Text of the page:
Beer is going everywhere right now, in case you haven’t noticed. While some of you are still hooked on double IPAs or bourbon-barrel-aged stouts (are you also still watching Breaking Bad?), most of us have moved on. Way on.
Heard of New England IPAs? Sometimes read as NEIPA (which may also be a youth baseball league), these beers are hazy, fruitier and loaded typically with a hop called Citra (yes, that means citrus). So there’s hops but also this wonderful orange taste, sometimes some mango, pineapple. It’s the east-coast antidote to the jam-packed hoppy brews of the Pacific coast. Which is weird because you’d imagine east coasters want gigantic, fall-on-your-butt alcohol content, not tempered citrus stuff. Anyway.
Heard of sours? Basically brewers invite wild yeast strains or bacteria into a mix and ferment it for a while. They may bring fruit into the process, too. Sours have their own categories (lambic, flanders red ale, gueuze, gose) with their own distinct processes, but taken altogether they’re quite popular, especially also in the east. And some brewers here are trying to find the marriage between wild yeast fermentation and the world of cloudy IPA brewing. This is Beer 2.0 stuff, I guess. Maybe 3.0.
Now because of all that stuff, there’s been a response from other brewers to return to basics. So this summer we saw a lot of pilsner love, because it’s one of the most basic things you can do and is also very precise, unlike the relatively “throw a bunch of crap together and see what happens” world of wild yeast fermentation. I’ve specifically spoken to brewers and industry people who’ve been in the game more than five years and are ready to simplify as much as possible. They want to learn from the Germans, recreate lagers and stop getting blotto. Maybe it’s because most of the brewers who surfaced in the last great influx of talent are creeping into their 30s and having families (like me). Maybe it’s time to slow down, and slowing down means Dad Beers.
One of the brewers who expressed the same sentiments to me is Jeff O’Neil of Industrial Arts Brewing Co. Run out of a pre-Civil War industrial complex in the sleepy Rockland County hamlet of Garnerville. Formerly of Peekskill Brewery and the guy behind Ithaca Brewing’s Flower Power IPA (a building block of east coast IPAs), he has four kids and wanted to settle at a place he could call his own. So in 2016 he opened Industrial Arts.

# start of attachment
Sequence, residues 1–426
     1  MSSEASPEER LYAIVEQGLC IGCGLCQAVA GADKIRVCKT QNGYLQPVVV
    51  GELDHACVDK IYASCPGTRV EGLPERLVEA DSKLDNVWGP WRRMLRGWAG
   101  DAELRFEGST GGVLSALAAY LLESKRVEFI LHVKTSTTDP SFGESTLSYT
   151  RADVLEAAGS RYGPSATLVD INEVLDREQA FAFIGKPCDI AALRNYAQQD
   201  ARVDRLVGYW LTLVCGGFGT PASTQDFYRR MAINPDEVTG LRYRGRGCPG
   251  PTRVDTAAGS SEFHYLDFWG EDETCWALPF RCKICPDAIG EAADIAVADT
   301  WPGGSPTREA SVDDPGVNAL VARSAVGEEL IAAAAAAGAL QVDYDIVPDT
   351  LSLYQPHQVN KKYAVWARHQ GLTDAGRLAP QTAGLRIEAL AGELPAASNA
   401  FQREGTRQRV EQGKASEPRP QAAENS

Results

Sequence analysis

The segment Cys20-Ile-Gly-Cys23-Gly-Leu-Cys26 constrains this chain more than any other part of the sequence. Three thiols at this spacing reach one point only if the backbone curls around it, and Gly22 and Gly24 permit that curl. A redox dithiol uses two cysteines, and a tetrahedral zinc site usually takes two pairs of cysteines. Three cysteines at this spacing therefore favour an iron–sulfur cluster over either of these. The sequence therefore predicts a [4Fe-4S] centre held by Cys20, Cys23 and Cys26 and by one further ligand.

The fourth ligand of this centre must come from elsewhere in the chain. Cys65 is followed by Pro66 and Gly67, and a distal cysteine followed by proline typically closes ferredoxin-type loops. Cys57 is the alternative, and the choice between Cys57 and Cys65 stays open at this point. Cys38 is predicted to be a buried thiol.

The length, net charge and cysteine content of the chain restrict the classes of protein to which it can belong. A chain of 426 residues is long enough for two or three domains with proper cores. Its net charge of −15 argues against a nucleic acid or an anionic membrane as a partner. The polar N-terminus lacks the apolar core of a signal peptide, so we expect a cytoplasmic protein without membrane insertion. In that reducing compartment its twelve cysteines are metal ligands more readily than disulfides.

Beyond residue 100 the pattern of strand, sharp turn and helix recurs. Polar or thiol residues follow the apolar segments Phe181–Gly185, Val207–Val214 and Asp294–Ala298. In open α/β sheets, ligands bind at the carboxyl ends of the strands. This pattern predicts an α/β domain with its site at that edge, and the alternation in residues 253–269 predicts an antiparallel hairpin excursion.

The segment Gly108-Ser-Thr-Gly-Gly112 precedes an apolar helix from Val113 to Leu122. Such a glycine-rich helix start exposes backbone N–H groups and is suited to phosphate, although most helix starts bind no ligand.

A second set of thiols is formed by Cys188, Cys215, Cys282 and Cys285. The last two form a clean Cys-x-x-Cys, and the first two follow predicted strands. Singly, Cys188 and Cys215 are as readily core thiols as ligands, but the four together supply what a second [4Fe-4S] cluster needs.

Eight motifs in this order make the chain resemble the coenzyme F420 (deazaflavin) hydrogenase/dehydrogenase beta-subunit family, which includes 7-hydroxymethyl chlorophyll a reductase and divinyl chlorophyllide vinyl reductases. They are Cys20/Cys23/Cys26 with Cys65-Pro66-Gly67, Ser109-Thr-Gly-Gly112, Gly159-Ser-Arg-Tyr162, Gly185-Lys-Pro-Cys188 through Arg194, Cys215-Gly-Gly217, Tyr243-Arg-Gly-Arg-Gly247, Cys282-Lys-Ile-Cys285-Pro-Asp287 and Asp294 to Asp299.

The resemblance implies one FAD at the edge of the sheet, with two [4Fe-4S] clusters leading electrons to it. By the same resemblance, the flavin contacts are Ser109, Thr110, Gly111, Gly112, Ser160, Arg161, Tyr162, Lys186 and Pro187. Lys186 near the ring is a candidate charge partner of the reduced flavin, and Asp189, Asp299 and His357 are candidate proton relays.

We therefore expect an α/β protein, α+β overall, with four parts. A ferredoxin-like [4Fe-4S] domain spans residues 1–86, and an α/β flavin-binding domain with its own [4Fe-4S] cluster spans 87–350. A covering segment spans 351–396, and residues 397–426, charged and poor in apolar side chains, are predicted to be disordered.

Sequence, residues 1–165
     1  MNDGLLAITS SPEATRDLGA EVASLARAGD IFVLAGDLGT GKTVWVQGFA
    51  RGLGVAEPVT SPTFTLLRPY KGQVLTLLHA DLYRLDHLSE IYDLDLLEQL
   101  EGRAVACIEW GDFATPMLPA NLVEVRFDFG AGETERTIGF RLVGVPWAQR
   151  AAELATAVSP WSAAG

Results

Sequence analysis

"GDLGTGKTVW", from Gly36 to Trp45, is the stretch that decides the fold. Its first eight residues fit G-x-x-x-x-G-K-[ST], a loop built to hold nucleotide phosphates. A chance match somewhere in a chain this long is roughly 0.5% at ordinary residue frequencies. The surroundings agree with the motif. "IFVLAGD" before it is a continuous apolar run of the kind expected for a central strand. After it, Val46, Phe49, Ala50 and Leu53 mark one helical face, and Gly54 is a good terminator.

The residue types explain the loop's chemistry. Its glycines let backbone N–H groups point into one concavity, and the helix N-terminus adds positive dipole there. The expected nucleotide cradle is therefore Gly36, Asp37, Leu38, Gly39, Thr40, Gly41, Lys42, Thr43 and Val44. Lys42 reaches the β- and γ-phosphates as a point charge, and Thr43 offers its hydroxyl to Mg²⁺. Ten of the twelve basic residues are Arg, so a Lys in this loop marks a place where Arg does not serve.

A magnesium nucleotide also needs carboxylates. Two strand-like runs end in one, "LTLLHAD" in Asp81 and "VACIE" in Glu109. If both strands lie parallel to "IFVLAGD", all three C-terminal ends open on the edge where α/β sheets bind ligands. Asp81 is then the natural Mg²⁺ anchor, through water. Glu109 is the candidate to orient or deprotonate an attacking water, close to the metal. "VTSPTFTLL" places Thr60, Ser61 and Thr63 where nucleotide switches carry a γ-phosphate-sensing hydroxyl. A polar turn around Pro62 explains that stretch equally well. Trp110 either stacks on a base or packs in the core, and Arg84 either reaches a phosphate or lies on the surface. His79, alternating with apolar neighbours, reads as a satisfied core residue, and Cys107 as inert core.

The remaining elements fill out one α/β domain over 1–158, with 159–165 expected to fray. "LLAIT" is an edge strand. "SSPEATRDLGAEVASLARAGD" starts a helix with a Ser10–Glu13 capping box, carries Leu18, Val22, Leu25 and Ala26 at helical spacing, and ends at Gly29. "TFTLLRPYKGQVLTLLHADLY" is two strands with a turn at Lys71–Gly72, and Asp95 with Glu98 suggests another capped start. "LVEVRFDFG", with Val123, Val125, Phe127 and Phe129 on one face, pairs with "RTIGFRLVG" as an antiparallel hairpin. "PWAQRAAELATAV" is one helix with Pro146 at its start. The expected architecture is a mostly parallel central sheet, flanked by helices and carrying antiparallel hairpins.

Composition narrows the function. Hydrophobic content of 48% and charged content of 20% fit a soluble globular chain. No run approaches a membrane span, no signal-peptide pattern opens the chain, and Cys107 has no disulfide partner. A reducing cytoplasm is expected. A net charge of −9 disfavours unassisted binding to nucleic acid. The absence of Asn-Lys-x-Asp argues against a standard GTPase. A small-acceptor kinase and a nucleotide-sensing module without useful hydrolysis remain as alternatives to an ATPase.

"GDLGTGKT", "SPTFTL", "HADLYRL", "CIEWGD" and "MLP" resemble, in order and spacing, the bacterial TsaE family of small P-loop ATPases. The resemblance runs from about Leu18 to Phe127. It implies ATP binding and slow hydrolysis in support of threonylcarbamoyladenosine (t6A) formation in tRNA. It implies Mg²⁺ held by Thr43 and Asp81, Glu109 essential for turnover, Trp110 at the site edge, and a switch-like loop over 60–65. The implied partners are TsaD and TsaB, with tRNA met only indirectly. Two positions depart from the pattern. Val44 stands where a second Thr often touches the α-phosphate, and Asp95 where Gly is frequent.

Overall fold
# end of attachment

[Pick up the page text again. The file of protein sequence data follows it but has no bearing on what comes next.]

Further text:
A few bartenders talked up Industrial Arts to me before I first visited; once I did, I understood the hype. O’Neil is making terrific stuff there, set on a goal of perfecting tried and true styles. The focus is variations of IPA, and his flagships (Power Tools [IPA], State of the Art [IPA] and Tools of the Trade [APA]) prove that the idea can work really well.
All of these beers seem to mix hops with touches of fruit and some herbal character. It’s as if with each beer, O’Neil is tweaking the recipe just enough to create something distinct while striving for perfection with the best possible mix of IPA and NEIPA – sort of a Hudson Valley IPA (HVIPA?).
That said, Industrial Arts has a NEIPA in Wrench, one of the better examples of the style south of Massachusetts. It’s extremely juicy and round – a light meal in every respect. Maybe this is the HVIPA (he’s competing with Hudson Valley Brewery for that).
Beer aside, Industrial Arts is a great hang. The giant taproom and brewery has limited seating, but every time I’ve been there I’ve found available space. The file cabinets and metal doors live up the brewery’s name – it’s industrial chic, not too cool for school, just cool enough. A massive brick wall keeps the beer list (on labels, not a chalkboard or giant TV screen). The bar itself can seat a handful of folks, but there is plenty of standing room.
Industrial Arts offers food (I previously had a meat and cheese plate there) and sometimes has a food truck outside.
I love this place. It still feels like a hidden gem because it’s out in a weird spot, but the beer is so tasty (and not overpowering) that you can hang for a couple hours and have a few. Bring some cards or dominoes (kids are welcome) and make sure you have some wallet room to pick up some cans. Industrial Arts also distributes locally with cans in markets across New York.
Industrial Arts Brewing Co.
Location: 55 W. Railroad Ave., Garnerville, NY
Hours: 4-9 p.m. Weds.-Thurs. / 4-10 p.m. Fri. / 1-10 p.m. Sat. / 1-7 p.m. Sun.